The exact opposite thing we have to actualize is a controller activity for the course /auth/logout. Open up authController.js and add the accompanying to the very end.

exports.logout = function(req, res) {
  req.logout();
  req.session.destroy();
  res.redirect('/');
};

Now, just define your route within server.js as follows.

// Auth routes
router.get('/auth/twitter', authController.twitter);
router.get('/auth/twitter/callback', authController.twitterCallback, function(req, res) {
  res.redirect(req.session.returnTo || '/');});
router.get('/auth/logout', authController.logout);

Simply ahead and give things a shot. You ought to have the capacity to click Login with Twitter, get diverted to Twitter, approve access to your Twitter account, and have a User made or get signed in as a current client.

Wrap up

We secured a great deal of ranges in this instructional exercise. To start with, we included a design module which permits simple arrangement amongst advancement and generation. Second, we found out about Mongoose and associated with MongoDB. Third, we made a Mongoose User demonstrate and made assistant strategies that permit us to encode and unscramble delicate data, for example, access tokens and token insider facts. At long last, we added the capacity to sign in with Twitter, have a client account made, and afterward log out.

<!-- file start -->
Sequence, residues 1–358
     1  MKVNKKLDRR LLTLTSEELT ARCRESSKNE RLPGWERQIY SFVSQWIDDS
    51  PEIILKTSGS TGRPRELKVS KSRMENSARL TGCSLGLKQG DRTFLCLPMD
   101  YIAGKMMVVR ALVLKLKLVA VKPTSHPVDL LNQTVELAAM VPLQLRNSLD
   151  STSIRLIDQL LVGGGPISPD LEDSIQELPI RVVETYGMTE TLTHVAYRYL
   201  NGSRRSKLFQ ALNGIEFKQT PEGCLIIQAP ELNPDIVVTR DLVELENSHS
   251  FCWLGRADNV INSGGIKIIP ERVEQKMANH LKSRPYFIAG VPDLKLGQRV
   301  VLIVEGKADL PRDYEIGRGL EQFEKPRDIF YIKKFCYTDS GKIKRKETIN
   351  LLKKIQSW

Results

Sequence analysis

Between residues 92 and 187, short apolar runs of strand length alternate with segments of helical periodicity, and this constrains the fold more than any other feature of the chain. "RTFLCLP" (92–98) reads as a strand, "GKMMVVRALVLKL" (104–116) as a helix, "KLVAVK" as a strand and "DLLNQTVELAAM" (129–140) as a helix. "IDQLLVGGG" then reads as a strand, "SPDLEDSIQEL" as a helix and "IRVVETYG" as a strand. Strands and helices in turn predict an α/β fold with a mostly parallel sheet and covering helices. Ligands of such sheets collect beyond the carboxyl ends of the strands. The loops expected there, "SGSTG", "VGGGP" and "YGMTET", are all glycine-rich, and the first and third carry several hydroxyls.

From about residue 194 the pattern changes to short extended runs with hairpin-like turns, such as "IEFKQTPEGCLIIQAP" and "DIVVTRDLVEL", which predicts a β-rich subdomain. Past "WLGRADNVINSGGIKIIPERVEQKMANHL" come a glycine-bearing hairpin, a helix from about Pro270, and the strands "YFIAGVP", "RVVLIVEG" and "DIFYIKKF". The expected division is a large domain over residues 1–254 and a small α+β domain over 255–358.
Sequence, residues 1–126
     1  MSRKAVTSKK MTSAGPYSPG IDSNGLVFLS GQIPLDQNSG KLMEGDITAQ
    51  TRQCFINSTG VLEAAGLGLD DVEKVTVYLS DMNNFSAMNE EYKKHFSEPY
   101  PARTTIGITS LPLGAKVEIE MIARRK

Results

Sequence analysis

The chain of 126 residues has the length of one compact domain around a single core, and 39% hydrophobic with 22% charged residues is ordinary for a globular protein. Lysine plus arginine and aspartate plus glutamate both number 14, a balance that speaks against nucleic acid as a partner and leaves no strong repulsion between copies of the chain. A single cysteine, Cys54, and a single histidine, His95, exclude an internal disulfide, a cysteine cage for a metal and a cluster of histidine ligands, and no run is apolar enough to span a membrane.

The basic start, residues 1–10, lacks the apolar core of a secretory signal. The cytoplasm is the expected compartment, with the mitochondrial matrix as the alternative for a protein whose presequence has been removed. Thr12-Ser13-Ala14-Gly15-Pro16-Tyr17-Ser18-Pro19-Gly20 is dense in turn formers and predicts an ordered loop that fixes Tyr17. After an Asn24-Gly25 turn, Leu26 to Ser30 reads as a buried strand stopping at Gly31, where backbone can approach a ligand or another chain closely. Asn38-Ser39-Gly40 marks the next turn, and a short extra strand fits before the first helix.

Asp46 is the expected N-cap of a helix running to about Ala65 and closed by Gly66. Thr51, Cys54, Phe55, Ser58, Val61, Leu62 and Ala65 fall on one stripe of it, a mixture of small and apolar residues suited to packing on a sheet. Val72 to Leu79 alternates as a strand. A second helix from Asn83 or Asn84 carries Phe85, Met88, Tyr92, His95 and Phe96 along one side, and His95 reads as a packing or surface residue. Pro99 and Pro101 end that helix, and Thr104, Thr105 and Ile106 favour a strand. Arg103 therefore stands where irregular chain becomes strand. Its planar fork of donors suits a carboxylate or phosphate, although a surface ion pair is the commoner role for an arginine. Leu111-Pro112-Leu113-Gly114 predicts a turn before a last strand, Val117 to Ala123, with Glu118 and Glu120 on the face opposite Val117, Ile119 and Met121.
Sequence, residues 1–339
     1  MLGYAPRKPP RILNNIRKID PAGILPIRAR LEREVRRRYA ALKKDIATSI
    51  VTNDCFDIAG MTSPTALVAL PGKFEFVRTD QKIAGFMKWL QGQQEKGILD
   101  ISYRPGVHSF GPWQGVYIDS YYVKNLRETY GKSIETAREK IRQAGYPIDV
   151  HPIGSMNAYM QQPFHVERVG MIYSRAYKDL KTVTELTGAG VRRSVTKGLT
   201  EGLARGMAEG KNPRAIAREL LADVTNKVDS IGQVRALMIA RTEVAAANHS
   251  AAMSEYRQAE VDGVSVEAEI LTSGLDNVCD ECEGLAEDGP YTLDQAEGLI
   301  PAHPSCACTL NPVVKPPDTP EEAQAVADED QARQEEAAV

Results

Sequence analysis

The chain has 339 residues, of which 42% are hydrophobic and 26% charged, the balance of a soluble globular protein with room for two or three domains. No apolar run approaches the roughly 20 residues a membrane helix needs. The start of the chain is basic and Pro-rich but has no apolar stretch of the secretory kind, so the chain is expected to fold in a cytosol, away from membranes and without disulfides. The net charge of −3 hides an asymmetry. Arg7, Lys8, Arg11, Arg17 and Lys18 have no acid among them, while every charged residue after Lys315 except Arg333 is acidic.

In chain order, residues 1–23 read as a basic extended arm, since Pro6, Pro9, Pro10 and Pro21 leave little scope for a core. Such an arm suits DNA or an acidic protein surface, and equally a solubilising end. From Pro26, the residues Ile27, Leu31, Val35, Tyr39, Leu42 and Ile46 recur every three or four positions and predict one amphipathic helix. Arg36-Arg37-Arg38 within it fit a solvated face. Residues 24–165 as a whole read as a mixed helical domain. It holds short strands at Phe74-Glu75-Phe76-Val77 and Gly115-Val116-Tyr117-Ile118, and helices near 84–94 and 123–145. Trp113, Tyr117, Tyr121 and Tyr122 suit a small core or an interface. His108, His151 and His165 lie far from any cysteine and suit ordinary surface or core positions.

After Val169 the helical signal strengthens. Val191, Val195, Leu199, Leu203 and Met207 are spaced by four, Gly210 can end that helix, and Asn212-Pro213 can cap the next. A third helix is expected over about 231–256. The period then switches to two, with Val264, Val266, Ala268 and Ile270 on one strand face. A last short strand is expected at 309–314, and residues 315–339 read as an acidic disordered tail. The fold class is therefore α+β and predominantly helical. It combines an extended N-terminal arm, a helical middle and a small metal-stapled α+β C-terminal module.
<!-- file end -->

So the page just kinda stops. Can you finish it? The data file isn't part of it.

On the off chance that you discovered this article or others valuable make sure to subscribe to my RSS feed or follow me on Twitter. Additionally, if there are sure subjects you might want me to compose on, don’t hesitate to leave remarks and let me know.

Source code for this part can be found here on GitHub.